Linked by Thom Holwerda on Sun 29th Jul 2012 10:48 UTC
Legal Groklaw nails it: "In other words, [Apple and Microsoft] want to disarm the companies that got there first, built the standards, and created the field, while the come-later types clean up on patents on things like slide to unlock or a tablet shape with rounded corners. Then the money flows to Apple and Microsoft, and away from Android - and isn't that really the point of all this, to destroy Android by hook or by crook? The parties who were in the mobile phone business years before Apple or Microsoft even thought about doing it thus get nothing much for their earlier issued patents that have become standards. Apple and Microsoft can't compete on an even field, because the patent system rewards the first to invent (or now, after the recent patent reform, the first to file). Neither Apple nor Microsoft got there first. Samsung was there, since the '90s." To illustrate: Apple is demanding $24 (!) per Samsung device for design patents, while at the same time, Apple also demands that Samsung does not charge more than $0.0049 per standards essential patent per device. This is absolutely, utterly, and entirely indefensible. And then Apple and its supporters have the nerve to claim Samsung is ripping them off. Yes, this pisses me off, and no, that's not because it's Apple doing it (Microsoft is just as guilty). It's because this is plainly, utterly, clearly, and intrinsically unfair.
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RE[4]: Whining by proxy
by Tony Swash on Mon 30th Jul 2012 10:51 UTC in reply to "RE[3]: Whining by proxy"
Tony Swash
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Which, of course, is magically different from Apple pimping its 400 million credit card numbers, associated user accounts, and which magazines, videos, books, applications, and music those users look at and buy.

Totally different. Yessiree. Very different because Google is evil, and Apple is all that is good and pure in this world.

Thom calm down. I have never said Google is evil - I think using such terms is juvenile and unhelpful. I do think think that trying to rationally understand what drives companies in particular directions is worthwhile and I do think that arguing that a company is being treated 'unfairly' just because a competitor responds to it's competition is juvenile. Google, Apple, Microsoft, Oracle are all essentially ethically the same, just getting on with the hard nosed business of making their business a success. As long as they do that in a legal way then good luck to all of them.

I honestly don't know quite what you mean by "Apple pimping its 400 million credit card numbers, associated user accounts, and which magazines, videos, books, applications, and music those users look at and buy".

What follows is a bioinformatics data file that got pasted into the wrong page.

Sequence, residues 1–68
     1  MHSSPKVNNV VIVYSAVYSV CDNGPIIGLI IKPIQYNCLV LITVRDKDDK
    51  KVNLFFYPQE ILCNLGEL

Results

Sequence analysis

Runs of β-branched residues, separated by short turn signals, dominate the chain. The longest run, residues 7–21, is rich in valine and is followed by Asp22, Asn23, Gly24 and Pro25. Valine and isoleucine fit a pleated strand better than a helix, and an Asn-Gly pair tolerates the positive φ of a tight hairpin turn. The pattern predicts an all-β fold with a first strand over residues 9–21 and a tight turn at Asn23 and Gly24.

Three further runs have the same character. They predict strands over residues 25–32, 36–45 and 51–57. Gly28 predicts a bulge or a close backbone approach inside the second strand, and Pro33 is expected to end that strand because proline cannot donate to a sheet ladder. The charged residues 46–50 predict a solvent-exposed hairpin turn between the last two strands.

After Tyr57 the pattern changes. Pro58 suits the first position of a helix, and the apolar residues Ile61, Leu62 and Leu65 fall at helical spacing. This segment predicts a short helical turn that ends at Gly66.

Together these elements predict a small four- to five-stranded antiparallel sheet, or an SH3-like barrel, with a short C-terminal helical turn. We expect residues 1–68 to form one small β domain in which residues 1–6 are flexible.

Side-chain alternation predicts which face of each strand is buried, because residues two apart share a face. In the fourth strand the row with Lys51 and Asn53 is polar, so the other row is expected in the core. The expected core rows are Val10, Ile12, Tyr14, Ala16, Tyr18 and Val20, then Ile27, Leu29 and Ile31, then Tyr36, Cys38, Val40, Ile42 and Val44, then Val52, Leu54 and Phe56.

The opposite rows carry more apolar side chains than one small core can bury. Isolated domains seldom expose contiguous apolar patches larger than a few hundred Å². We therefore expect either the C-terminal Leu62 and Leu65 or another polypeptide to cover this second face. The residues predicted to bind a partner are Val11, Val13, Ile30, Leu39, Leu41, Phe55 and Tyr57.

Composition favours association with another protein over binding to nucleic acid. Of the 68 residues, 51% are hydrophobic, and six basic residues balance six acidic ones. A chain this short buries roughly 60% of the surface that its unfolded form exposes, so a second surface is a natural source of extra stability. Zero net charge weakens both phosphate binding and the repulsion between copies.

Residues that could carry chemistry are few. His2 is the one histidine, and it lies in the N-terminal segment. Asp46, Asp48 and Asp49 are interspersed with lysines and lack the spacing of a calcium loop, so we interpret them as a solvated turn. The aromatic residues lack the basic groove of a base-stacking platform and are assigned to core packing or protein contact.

Do you mean does Apple collect data on what people buy through their iTunes accounts. Of course they do.

Do Apple promote the size of their ecosystem by disseminating information about it's user population size in order to attract content providers and developers - yes - so what?

Does Apple sell that data to third parties - not to my knowledge but I haven't really investigated that systematically so please feel free to post information about what Apple does with that data (that's an honest suggestion by the way and is not intended for rhetorical flourish).

Have Apple resisted third parties who wanted to use their system to collect and then sell data about iTune users - yes - that was the nub of the issue Apple had with many publishers for example.

Is collecting user data as central to Apple's business as it is to Google's - no - so if one were trying to analyse and understand what drove each company the role of user data in understanding Apple would carry far less weight than understanding the role of user date in Google. Is that a controversial thing to say in your view, it seems so obvious to me.

You seem to want to constantly suggest that I think Google is 'evil' and Apple are 'good' but I simply don't think like that. I like Apple a great deal and based on nearly thirty year of using their products I have a great affection for them but I don't think they are ethically better than any other company nor do I think that Google is ethically inferior. There just have different business models which drives different strategies. Google's business model drives it to try to undermine the business model of other companies through offering free alternatives, Apple's model drives it to try to use superior purchasing power to monopolise and secure favourable supply chains for components, neither is good or bad, they are just logical.

Thom - my motivation to post comments is mostly built on my affection for Apple, sorry if that irritates you, get over it. We all have different opinions - that's why we bother to debate stuff.

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